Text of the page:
The true will to Win! Vividly are recollected the moments in Toronto before that first game! The lads were silent and just a little grim. They were resolute that the great Falcon Club, which had skated like whirlwinds onto Toronto ice only a year before to defeat the famous Varsity team, would not be let down by their showing. All around the dressing room the determined aspect of the players showed itself. Art Somers, gamester to the core, was in uniform. The boys, tired as they were, went out and when the first goal was scored Somers, and not Morenz, scored it! Imagine the surprise when eight more goals followed this counter into the net and the Westerners took the first game 9-2!

 

Injuries and the exhausting effect of the strenuous season combined to bring the resistance of the game young Westerners to a very low ebb on the second night of the playoffs. Wally had received a wrenched shoulder muscle in a violent collision with Morenz in the very first flash of the first game. Harry Neil, the stocky defenceman, had a badly bruised hip, and Frank Woodall, the 60 minute man, had to take a rest after five minutes of play. They were barely able to provide serious resistance. Once again Art Somers, injured leg and all, skated the puck right through the opposing defence and notched the first goal for the Falcons! Although the drive was not kept up, the famous firing line of Stratford could not turn the first defeat into final victory. The Falcons played a determined game and although they lost 72 they gained the round by 11-9 and the first junior championship for Western Canada.

 

The Line-up of the Falcon Juniors To Connie Neil, their manager, great credit is due. He handled the boys wonderfully. They worked with the greatest of harmony and no truer expression may be used than that they were a pocket edition of the famous 1919-1920 Falcon Olympic Champions.

 

At a civic welcome on their victorious return, they were presented with gold watches suitably engraved, the gift of the City of Winnipeg.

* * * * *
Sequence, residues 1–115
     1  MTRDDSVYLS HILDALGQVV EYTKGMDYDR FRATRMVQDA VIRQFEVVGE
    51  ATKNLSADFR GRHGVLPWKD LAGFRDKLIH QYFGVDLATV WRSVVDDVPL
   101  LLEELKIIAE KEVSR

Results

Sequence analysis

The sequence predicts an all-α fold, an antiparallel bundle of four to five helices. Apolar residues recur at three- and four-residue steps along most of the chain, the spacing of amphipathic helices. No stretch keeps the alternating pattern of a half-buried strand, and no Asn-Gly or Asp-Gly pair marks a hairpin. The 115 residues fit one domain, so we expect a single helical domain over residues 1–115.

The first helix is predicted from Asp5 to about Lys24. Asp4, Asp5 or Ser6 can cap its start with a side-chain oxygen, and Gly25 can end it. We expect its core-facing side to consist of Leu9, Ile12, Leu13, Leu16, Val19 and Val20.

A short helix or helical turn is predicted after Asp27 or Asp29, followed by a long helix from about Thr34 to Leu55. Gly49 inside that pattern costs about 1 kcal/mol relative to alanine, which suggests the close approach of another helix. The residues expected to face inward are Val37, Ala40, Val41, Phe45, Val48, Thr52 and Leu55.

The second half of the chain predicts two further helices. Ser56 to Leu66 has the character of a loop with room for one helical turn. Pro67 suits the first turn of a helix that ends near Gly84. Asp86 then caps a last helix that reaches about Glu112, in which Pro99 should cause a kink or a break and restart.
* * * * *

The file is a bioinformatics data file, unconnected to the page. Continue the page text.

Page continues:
Here is the line-up that brought glory to the old club: goal, 'Scotty' Comfort; defence, Harry Neil and Sammy McCallum; centre, Wally Fridfinnson; right wing, Harold McMunn (who in 1924 was chosen as the West's representative player to accompany the famous Granite Hockey Team of Toronto to the Olympic games); left wing, Frank Woodall; forwards, Art Somers, 'Big' Bill McPherson and Dave Patrick.

 

The Seniors of the 1921 Season In the 1920-1921 season, with the World Champion Falcons greatly in demand by the professional clubs,  Frank Fredrickson going to the great Victoria Cougars and Bobby Benson and Slim Halderson accepting contracts with the Saskatoon club, new figures appeared in the Falcon line-up. The pugnacious Bill Borland and his brother Eddie, 'Big' Burney McPhail and 'Crutchy' Morrison (the Selkirk Club having disbanded) together with Eddie Stephenson, who had been with the Young Men's Lutheran Church Juniors when they won the Manitoba Championship and was now coming into his own in senior ranks, were all valuable additions to the Club. However, 'Steamer' Maxwell was away the greater part of the season on business and Mike Goodman went to Saranac Lake for the Speed Skating classic that year so that, altogether, it was only a moderately successful season for the senior team. Brandon won the Western title but lost the finals to Varsity of Toronto. In the Brandon line-up were such great stars as: goal, Stewart; defence, Ambie Moran and Sandy McNeill; forwards, Bob Armstrong, Ty Arbor, Billy Hill, Coldwell and Creighton.

 

Seniors Regaining Strength During the 1921-1922 season, with Harvey Benson as playing-manager, the champion juniors with the exception of Wally Fridfinnson going over to the Victoria Club with Connie Neil, and Crutchy Morrison going to Edmonton with Joe Simpson, the Falcons played good hockey but with no exceptional results.

It was in the 1922-1923 season that the Falcon Seniors again appeared to be potential Allan Cuppers. Formed around the remaining seniors and former juniors, they presented a strong line-up. In goal, Wally Byron of the Olympic Champions, was outstanding. On the defence, Konnie Johannesson and Sammy McCallum teamed up most effectively, while the forward line, comprised of Eddie Stephenson, Art Somers, Wally Fridfinnson, Harold McMunn, Frank Woodall, Harry Neil, Huck Woodman and Lome Carroll, performed in sensational fashion.

 

Exciting Campaign Through some glorious old battles the Falcons of that year won the Manitoba Senior Championship. Their play-off with Port Arthur was a hard fought series, marred only by the misfortune of Eddie Stephenson, who suffered a broken leg. This colourful exponent of the game heard the returns of the final game with Port Arthur over the telephone while lying in bed in the Winnipeg General Hospital with the old leg well propped up.